One of the key areas of controversy when finalising a merger and acquisition transaction is the warranties provided by each of the parties. A vendor usually seeks to provide the minimum warranties possible to limit their potential liability, while the purchaser often asks for extensive warranties from the vendor to protect them against potential liability in the transaction. This article explores some the most important warranties to consider and their application.

Common Clauses Which Affect Warranties

Warranties give rise to claims if either party breaches them. However, claims against warranties are usually subject to limitations. For instance, a time limitation on a warranty will protect the vendor by limiting the purchaser. It limits the purchaser’s ability to make a claim for breach of warranty within a specified time frame. It is also common for the parties to include a clause stating that each of the warranties is separate and independent. This means other warranties cannot limit it.

Another way a vendor may seek to limit the warranties is through the inclusion of qualifications. For example, if a warranty may be qualified to the extent it had been disclosed (in due diligence material or in publicly available information), or is within the knowledge of the purchaser, then a purchaser will seek to reduce the level of vendor qualifications in order to ensure that, in the event of a breach of warranties, its claim will not be unduly limited.

The contract will also typically contain provisions where the purchaser acknowledges that they will not rely on any statements which the parties do not expressly include in the contract.

5 Types of Warranties in a Mergers and Acquisition Transaction

In large scale transactions, the parties will include warranties in a schedule to the contract and can span over many pages. Five of the most common warranties that parties include in larger transaction contracts are:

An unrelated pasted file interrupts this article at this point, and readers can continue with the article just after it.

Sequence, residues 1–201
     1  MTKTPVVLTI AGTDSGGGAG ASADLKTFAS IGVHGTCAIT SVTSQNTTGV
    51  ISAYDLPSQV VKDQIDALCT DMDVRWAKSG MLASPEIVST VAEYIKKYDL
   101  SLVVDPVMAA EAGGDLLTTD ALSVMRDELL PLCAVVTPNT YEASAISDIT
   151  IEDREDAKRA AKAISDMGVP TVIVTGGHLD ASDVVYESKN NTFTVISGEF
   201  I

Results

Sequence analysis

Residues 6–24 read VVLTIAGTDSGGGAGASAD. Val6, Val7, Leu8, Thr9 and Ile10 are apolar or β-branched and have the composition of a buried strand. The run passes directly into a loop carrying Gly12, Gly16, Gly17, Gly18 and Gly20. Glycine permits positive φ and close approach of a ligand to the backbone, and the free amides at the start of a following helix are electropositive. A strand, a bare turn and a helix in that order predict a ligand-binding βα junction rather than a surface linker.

1. Solvency

The purchaser needs to make sure that the vendor warrants that the company they are selling (Sale Company) is not:

  • Insolvent;
  • Subject to voluntary administration; and
  • Has not stopped paying its debts.

The solvency requirements may also extend to the vendor itself. The purchaser should also address the following solvency issues:

  • That a third party has not presented or threatened the Sale Company with winding-up or dissolution;
  • That the court has not appointed a receiver, liquidator or administrator;
  • That the Sale Company has not entered into arrangements for the benefit of the vendor’s creditors; and
  • That the court has not issued a writ of execution against the vendor or the Sale Company.

If the vendor refuses to provide such a warranty, this should be serious cause for concern for the purchaser. A lack of solvency can mean the entity is not worth its purchase price or there are significant debts that the vendor has not disclosed.

2. Litigation

The warranties will also usually include a provision relating to litigation. It guarantees that the Sale Company is not a party to any:

  • Investigations;
  • Prosecution;
  • Litigation;
  • Legal proceedings;
  • Any other form of dispute resolution process; or
  • Governmental proceedings.

It is a warranty that there is nothing litigious which could affect the liability and debt of the Sale Company going forward.

3. Power and Authority

Merger and acquisition contracts will always include a warranty relating to power and authority. It sets out that each party’s execution and performance of the agreement: